Until than Happy gardening.

Warm regards

Crazy Gardener


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Know your seeds

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Know your seeds

Growing plants from seeds is an exciting activity when it comes to gardening. Its a slow process but the benefits are worth the process. Unlike saplings plants grown from seeds tend to adjust to the growing conditions very well. The amount of care needed is way less compared to a sapling. When nurtured and cared from their birth they tend to become immune and also provides a good yield. This is going to be one big article but I assure you that the knowledge you gain in the end is worth your time.

We have heard many technical terms when it comes to seeds. We will look at those terms in brief in this article. This is a vast subject and I am trying to consolidate all in a small post so providing link to external articles as well. If you find any of these links not working kindly let me know.

The types of seeds: There are many internal classifications but we are going to only look at the broad overviews. In general seeds are broadly classified into 2 types namely

  • Angiosperms aka enclosed seeds: Enclosed seeds are the ones that are formed and protected inside an ovary base. They mostly are inside a fruit. Most of the vegetables and fruits fall under this category.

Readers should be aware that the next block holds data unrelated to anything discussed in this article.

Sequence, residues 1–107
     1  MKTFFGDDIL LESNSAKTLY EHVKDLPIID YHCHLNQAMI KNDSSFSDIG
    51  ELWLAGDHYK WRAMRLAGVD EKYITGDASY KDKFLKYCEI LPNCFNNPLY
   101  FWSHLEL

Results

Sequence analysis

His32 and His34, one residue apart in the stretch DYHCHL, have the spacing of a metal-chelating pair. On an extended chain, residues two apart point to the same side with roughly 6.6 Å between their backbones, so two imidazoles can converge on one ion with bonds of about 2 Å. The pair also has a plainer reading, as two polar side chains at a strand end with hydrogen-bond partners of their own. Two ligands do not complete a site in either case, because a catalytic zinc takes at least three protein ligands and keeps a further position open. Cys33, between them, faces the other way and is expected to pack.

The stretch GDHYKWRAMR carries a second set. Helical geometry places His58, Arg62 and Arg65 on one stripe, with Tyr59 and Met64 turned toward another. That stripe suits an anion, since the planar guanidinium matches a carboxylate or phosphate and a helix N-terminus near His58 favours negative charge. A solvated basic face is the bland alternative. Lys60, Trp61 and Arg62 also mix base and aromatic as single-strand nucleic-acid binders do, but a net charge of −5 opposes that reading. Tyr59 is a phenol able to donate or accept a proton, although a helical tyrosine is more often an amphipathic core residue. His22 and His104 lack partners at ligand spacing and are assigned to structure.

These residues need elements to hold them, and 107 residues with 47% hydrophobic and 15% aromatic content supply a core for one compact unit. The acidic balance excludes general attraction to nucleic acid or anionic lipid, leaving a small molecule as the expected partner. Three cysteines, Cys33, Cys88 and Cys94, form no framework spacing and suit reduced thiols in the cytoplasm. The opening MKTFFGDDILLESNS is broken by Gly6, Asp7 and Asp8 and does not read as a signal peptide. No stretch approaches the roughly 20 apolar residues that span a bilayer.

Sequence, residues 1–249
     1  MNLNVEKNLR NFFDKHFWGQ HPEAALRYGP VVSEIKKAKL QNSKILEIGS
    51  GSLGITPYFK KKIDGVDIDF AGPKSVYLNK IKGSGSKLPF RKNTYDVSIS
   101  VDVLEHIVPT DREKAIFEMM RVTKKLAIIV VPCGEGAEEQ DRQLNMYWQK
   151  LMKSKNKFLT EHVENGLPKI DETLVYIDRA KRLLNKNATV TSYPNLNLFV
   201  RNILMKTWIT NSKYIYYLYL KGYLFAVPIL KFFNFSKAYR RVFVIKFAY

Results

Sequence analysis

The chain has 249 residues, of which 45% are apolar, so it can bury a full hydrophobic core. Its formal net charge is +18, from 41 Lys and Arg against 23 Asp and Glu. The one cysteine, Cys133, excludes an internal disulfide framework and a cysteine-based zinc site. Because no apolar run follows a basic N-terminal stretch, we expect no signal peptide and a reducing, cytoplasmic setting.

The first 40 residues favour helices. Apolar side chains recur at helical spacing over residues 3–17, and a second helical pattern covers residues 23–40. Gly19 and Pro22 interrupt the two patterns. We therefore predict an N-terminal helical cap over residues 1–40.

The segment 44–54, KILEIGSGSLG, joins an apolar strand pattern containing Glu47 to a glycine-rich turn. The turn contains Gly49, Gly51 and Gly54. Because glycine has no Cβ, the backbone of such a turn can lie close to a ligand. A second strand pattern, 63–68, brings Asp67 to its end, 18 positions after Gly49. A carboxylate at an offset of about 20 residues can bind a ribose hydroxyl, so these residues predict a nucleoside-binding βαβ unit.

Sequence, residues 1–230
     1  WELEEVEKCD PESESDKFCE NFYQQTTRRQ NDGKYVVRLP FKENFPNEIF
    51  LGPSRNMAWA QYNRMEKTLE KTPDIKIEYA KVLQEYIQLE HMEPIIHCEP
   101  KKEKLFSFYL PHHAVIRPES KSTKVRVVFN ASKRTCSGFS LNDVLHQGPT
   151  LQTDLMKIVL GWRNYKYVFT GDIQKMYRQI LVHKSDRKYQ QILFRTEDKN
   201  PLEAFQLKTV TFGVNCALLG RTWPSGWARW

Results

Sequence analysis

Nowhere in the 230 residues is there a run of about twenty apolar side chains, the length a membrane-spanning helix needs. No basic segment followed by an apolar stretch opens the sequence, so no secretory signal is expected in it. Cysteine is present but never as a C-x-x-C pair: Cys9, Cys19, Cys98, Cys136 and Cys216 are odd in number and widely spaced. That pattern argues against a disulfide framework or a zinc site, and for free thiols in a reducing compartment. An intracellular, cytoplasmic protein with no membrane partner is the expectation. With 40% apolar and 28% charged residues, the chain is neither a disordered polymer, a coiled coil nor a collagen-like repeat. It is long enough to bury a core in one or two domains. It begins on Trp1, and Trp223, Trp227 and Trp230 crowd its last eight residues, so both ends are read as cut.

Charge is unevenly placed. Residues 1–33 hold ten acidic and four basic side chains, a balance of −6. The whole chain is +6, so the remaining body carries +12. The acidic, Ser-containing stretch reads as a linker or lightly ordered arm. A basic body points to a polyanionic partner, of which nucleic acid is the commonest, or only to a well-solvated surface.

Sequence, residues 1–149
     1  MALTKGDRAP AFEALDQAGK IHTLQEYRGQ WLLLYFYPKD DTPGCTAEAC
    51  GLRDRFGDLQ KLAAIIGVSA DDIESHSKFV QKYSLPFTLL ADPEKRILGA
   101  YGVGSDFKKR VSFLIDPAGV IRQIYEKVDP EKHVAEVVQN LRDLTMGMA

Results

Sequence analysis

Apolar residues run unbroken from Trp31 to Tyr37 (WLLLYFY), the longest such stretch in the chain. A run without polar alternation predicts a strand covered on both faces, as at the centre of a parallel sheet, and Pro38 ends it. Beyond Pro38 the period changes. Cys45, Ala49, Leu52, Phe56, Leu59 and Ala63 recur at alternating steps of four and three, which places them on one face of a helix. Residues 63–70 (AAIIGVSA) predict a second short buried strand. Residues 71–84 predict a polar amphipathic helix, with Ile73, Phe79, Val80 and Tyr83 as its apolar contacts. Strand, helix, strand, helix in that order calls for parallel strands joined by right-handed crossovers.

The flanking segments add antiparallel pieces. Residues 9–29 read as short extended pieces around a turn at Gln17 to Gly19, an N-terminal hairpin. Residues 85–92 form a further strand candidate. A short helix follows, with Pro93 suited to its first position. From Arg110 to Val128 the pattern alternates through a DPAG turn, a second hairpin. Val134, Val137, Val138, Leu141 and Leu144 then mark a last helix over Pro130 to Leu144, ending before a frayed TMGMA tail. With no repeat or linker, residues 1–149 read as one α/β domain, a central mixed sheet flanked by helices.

• Gymnosperms aka naked seeds: Naked seeds generally lie exposed on the surface of a scale. examples include rice, maize, greens, almost all flowers.

The seed generation process is a technique used by farmers and other commercial organisations to generate commercially viable seeds for mass crop production. Before we go into the details get to know the basic classification


Heirloom seeds come from open-pollinated plants that pass on similar characteristics and traits from the parent plant to the child plant. There is no concrete definition that every gardener uses to define heirloom plants. In general, you should consider heirlooms to be seeds that are possible to regrow and pass on from one generation to the next.